Chad Emmett has spent his professional career standing up for underdogs and victims, the marginalized, those in peril and those seeking peace — Palestinians, religious minorities and women, to name a few — but now it is time to stand up for himself.
On Sept. 30, Emmett announced on his blog that he had retired as a geography professor from Provo’s Brigham Young University, had taken a job as an adjunct at Orem’s Utah Valley University, and, though married to a woman for more than two decades, is attracted to men.
“In 2011, I finally admitted to myself that I was gay. It took me a few more years to come out to my family. I have refrained until today from coming out more publicly because I didn’t want to draw attention to my new reality, nor did I want to jeopardize my job (for house payment and insurance reasons),” he wrote. Ultimately, though, the “mental trauma of trying to balance being employed at BYU with being gay took its toll. I needed my job (efforts to find a job elsewhere all failed), but to keep my job I felt I had to remain closeted.”
And so he chose to “withdraw to a place of safety two years earlier than I planned,” Emmett wrote. “I am now happily teaching two adjunct geography classes at UVU and this winter I’ll also be a lift operator at Deer Valley two days a week (yay for free skiing).”
Financially, it wasn’t “a smart move,” he acknowledged in an interview, but the accumulated weight of policies and pronouncements from BYU administrators that seemed to discriminate against LGBTQ individuals proved too burdensome to Emmett.
The school has defended its approach as consistent with the policies of its owner, The Church of Jesus Christ of Latter-day Saints, which teaches it is not a sin to have same-sex attraction, only acting on it is. The Utah-based faith also opposes same-sex marriage.
Thus, BYU forbids all forms of romantic relations for LGBTQ students and faculty.
“BYU affirms that the freedom of religion guaranteed by the Constitution and federal law includes the freedom to operate a religious university without sacrificing distinctive religious beliefs or practices,” school President Kevin Worthen wrote to the U.S. Department of Education investigating it for possible Title IX violations. “At the same time, BYU welcomes and supports all our students and employees who agree to abide by the tenets of the Church of Jesus Christ, including those who identify as LGBTQ.” (The feds dismissed the complaint against the school.)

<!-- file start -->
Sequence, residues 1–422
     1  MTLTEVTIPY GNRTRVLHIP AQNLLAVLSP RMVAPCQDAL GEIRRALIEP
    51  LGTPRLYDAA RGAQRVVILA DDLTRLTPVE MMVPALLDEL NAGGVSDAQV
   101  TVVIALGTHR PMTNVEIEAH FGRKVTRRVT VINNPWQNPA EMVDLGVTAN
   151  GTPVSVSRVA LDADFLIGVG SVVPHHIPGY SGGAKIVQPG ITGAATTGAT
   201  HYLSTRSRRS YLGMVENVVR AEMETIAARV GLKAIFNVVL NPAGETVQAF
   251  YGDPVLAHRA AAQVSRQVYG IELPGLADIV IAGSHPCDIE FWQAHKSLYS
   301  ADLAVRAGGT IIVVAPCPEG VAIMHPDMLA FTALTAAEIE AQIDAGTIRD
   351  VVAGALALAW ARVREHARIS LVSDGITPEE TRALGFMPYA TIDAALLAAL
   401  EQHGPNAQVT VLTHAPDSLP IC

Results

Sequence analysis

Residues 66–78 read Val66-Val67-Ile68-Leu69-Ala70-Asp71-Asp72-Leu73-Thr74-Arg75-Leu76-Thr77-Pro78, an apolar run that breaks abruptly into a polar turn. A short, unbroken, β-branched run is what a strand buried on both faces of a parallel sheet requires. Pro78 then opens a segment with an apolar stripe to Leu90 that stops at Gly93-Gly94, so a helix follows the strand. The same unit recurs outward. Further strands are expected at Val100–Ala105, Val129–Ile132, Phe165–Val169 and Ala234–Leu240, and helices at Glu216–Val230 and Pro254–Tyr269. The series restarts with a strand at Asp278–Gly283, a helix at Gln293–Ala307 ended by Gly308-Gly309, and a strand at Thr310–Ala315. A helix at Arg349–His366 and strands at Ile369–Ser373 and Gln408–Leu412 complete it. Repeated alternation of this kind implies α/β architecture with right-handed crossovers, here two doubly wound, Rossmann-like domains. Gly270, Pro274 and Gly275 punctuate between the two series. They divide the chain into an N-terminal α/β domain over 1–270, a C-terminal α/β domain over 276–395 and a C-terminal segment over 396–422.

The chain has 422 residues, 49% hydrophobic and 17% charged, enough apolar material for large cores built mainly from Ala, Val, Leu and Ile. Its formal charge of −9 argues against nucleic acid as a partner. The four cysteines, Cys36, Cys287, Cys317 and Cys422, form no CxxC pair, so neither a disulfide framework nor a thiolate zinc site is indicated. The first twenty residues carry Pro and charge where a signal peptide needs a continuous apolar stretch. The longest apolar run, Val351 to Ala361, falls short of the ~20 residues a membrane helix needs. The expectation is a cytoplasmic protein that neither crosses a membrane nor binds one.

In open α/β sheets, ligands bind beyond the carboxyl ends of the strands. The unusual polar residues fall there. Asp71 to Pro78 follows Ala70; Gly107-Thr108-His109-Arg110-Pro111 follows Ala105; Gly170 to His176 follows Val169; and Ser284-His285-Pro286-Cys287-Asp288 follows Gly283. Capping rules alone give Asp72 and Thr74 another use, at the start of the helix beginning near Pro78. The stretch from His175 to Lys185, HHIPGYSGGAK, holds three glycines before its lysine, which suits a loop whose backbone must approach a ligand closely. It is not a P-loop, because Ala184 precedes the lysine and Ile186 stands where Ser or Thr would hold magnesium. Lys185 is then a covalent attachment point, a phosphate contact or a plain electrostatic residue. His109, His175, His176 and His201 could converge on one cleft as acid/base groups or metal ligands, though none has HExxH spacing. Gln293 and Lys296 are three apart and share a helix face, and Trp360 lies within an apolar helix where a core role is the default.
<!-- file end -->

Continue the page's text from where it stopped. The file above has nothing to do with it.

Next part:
To Emmett, the school didn’t feel welcoming to people like him.
“It was eating at me and getting worse,” he said. “I submitted my retirement papers last October and after that, there was a continual stream of statements and policies that convinced me I didn’t want to be there.”
But there were no Utah jobs in his field — human and political geography — and he didn’t want to move his kids. And it was too challenging to function at the flagship Latter-day Saint school as an out gay man.
So he kept his head down and stayed in the closet.
“I wasn’t doing anything that would jeopardize my job,” he said, “but I felt burdened by being gay at a school that would never accept me.”
The signs ‘were all there’
Emmett grew up in the 1960s and ‘70s, when the church and much of society believed that being gay was a choice — and the young Latter-day Saint simply “chose” not to be gay.
He earned his undergraduate degree in geography from Utah State University, his master’s from BYU and a doctorate from the University of Chicago.